Israeli minister: More than Arafat, Abbas is Israel's 'number one' enemy

Likud minister Steinitz says Abbas and the Palestinian Authority seek the destruction of Israel.

Palestinian Authority President Mahmoud Abbas (photo credit: AFP PHOTO)
Palestinian Authority President Mahmoud Abbas
(photo credit: AFP PHOTO)
Senior government officials took rhetorical aim at Palestinian Authority President Mahmoud Abbas on Thursday, with National Infrastructure Minister Yuval Steinitz saying he is the leading enemy challenging Israel’s existence, and Deputy Foreign Minister Tzipi Hotovely saying he is engaged in “diplomatic terrorism” against the Jewish state.
Steinitz, in an interview with Israel Radio, said that Abbas and the Palestinian Authority seek the destruction of Israel, saying that Abbas is even more hostile toward Israel than his predecessor, Yasser Arafat.
Steinitz made the remarks the day after Abbas, at a speech to the Fatah Congress in Ramallah, reiterated his demand that Israel must recognize a Palestinian state, but stressed he would not recognize Israel as a Jewish state, despite the PLO’s formal recognition of Israel’s right to exist in the 1993 Oslo Accords.
Abbas, Steinitz said, “will never really recognize [Israel’s] right to exist or the right for the self-determination of a Jewish homeland. Let’s not kid ourselves. From an ideological perspective, Abbas is the number one enemy of the very existence of Israel, even more so than Arafat.”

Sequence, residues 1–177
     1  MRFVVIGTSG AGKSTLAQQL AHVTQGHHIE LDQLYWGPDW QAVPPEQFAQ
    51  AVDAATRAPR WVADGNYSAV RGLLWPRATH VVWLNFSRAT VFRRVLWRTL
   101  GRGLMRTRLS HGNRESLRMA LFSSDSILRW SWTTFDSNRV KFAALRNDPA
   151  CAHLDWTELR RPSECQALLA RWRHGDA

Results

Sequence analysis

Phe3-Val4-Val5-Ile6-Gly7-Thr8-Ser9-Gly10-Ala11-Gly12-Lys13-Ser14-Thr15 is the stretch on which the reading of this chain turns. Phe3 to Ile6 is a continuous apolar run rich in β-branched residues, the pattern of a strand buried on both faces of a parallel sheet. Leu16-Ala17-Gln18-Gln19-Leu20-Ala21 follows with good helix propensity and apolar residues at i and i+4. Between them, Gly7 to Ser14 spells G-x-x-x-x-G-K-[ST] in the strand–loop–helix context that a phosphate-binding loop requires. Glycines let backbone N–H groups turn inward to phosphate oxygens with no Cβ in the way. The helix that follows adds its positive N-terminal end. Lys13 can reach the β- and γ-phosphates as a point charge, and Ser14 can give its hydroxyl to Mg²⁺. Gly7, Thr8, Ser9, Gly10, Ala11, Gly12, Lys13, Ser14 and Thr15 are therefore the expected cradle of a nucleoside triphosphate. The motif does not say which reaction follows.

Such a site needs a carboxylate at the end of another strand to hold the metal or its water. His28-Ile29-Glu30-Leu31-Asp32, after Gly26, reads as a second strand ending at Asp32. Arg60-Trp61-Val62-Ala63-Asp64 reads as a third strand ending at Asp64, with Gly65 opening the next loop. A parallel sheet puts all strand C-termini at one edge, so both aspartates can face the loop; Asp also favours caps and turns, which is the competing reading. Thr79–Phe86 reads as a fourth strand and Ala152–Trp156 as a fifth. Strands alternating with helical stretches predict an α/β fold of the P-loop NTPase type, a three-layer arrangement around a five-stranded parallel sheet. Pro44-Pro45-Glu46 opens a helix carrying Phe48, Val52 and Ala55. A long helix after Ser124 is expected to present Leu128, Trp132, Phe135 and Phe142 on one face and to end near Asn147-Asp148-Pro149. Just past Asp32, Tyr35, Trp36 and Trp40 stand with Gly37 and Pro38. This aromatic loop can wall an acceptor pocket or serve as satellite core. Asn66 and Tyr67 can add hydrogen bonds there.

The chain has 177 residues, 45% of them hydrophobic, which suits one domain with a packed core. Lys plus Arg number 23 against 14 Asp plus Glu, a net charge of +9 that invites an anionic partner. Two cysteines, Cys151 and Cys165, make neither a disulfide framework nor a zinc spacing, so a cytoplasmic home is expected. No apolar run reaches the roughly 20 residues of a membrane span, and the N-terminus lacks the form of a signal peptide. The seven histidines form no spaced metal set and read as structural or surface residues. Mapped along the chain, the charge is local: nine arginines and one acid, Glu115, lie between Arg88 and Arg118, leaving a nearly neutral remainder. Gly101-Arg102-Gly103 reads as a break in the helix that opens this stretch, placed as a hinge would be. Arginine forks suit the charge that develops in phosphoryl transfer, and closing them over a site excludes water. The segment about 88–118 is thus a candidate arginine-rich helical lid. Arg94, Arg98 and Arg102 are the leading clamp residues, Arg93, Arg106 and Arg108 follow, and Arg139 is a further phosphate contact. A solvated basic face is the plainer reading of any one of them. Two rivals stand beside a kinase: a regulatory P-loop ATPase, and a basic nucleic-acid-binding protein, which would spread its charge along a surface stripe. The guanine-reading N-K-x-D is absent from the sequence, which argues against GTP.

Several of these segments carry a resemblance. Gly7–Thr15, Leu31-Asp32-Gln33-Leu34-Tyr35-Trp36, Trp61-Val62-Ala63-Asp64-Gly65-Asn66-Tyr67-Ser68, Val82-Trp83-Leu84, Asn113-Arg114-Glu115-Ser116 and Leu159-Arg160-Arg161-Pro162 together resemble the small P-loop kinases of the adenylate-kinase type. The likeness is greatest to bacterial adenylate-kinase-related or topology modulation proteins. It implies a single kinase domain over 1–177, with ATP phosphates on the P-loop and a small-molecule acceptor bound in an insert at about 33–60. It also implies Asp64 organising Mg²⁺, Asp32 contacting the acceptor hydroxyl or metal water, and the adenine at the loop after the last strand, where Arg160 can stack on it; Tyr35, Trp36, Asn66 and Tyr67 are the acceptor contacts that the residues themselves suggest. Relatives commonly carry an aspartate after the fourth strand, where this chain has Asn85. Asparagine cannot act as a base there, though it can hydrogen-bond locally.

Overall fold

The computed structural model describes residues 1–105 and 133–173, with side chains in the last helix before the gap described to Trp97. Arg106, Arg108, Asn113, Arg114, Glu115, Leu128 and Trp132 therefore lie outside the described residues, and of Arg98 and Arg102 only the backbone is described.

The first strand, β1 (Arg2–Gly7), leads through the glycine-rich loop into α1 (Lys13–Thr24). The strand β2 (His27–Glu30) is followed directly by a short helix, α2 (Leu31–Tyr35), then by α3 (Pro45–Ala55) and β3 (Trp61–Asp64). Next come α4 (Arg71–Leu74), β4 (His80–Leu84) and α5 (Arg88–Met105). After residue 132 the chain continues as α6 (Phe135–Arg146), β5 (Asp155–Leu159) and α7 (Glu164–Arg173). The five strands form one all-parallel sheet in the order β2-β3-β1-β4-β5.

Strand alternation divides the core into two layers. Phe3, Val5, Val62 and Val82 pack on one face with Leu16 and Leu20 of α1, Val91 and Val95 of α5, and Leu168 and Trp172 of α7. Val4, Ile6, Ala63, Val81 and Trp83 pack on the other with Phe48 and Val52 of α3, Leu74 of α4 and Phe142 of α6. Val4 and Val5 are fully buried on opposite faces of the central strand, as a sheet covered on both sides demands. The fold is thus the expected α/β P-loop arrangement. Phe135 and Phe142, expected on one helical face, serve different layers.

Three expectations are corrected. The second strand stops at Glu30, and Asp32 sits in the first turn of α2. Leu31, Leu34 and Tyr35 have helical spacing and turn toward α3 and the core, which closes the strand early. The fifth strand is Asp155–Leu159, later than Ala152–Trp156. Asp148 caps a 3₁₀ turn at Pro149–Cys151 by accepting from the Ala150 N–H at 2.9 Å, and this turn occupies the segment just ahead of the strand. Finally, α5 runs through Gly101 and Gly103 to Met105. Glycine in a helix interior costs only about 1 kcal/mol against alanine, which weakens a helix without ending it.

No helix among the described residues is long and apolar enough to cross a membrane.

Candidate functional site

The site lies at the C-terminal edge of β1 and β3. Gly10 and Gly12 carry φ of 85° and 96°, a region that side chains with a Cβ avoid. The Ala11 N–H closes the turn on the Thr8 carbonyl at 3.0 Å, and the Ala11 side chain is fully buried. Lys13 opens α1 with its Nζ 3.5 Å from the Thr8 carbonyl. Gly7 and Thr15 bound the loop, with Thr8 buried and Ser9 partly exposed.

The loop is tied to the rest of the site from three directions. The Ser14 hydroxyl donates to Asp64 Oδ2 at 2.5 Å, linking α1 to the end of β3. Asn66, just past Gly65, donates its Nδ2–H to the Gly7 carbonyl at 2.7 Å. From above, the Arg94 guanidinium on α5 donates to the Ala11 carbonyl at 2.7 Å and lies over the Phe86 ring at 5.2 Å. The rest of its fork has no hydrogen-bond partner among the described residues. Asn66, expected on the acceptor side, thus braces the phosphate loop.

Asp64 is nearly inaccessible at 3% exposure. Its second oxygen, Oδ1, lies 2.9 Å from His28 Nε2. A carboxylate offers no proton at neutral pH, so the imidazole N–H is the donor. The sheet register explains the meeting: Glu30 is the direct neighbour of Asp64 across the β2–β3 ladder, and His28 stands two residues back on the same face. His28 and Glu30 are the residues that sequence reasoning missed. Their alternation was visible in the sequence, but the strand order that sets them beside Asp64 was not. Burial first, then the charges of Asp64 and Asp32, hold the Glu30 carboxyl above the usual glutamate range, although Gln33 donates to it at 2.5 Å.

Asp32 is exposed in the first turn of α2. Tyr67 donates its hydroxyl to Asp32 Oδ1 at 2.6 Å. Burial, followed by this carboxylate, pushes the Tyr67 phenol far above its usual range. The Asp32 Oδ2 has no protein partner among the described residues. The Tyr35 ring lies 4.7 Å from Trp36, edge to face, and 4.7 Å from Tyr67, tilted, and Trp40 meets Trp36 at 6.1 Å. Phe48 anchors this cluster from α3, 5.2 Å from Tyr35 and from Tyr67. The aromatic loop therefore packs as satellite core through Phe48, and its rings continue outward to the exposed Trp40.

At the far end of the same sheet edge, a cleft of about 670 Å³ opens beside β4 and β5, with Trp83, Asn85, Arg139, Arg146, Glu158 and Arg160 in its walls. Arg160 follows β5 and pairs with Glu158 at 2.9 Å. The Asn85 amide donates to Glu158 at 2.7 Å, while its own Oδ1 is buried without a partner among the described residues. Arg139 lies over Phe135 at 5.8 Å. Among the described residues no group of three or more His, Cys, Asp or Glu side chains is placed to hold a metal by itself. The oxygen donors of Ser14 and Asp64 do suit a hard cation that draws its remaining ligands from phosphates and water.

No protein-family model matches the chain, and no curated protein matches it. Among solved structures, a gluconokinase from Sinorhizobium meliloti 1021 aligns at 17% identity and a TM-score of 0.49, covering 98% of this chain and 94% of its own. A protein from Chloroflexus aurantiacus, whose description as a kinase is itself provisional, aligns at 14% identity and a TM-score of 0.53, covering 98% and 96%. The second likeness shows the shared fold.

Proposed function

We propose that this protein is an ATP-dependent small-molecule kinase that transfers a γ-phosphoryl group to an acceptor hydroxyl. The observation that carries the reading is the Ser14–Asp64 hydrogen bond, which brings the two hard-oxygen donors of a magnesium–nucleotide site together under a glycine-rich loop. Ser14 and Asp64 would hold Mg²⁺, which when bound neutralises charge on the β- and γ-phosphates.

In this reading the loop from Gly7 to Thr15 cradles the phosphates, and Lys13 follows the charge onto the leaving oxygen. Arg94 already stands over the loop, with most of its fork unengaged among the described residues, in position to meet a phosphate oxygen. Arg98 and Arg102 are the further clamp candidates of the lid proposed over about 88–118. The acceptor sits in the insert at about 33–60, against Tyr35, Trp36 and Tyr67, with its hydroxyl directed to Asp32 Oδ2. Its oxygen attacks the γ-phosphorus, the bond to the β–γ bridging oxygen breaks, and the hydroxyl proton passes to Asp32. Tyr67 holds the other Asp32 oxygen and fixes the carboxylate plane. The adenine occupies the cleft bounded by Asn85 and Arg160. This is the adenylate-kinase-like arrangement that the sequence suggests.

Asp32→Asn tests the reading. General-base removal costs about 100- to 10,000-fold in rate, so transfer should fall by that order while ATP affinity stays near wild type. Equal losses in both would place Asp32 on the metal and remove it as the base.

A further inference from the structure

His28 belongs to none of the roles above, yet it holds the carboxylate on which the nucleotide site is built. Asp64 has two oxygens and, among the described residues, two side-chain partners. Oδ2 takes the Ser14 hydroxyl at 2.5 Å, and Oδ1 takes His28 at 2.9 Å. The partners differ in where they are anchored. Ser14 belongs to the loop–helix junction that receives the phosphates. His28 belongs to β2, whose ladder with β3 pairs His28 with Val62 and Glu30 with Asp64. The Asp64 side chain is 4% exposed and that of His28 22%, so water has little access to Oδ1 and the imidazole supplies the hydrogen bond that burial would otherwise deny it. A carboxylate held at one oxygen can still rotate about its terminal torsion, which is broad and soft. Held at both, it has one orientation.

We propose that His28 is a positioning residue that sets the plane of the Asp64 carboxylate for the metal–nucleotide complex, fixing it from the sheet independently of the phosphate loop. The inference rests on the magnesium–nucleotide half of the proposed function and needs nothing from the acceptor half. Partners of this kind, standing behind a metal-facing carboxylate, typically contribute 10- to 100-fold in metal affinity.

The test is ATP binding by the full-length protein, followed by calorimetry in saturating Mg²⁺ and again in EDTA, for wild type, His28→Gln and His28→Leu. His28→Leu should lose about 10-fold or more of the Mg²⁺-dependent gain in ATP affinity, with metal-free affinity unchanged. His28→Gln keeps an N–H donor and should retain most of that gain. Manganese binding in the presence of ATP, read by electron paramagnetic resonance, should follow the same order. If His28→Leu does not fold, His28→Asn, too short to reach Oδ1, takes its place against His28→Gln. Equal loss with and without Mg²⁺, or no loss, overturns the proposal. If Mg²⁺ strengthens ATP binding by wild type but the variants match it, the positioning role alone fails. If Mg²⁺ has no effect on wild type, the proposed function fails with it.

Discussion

Hotovely, meanwhile, said after meeting visiting Uruguayan Foreign Minister Rodolfo Nin Novoa that she asked him to pass a message to Abbas, whom he will be meeting during his four-day visit to the region, to cease his “diplomatic terrorism” against Israel.
She said Palestinian efforts to harm Israel in international forums does nothing to move forward any type of agreement.
Uruguay is currently a rotating member of the 15-nation UN Security Council Steinitz, in his interview, called approval of a UN General Assembly resolution on Wednesday that used exclusively Islamic terms to describe the Temple Mount as “a bad joke” that bordered on antisemitism.
“The UN General Assembly is a joke, the UN Security Council however is not a joke, and I hope and I believe that the American veto [there] will protect Israel against the attempts to harm it,” he told the radio station.
His comments come amid uncertainty in Jerusalem whether US President Barack Obama, in the waning days of his presidency would abstain, support or veto resolutions in the UN Security Council that Israel believes are one-sided and inimical to its interests.
US Ambassador Dan Shapiro addressed the issue during an interview on Army Radio, saying, “We will always oppose one-sided resolutions. That is a long-term policy. If ever there will be a one-sided resolution, we have opposed in the past and will always oppose.”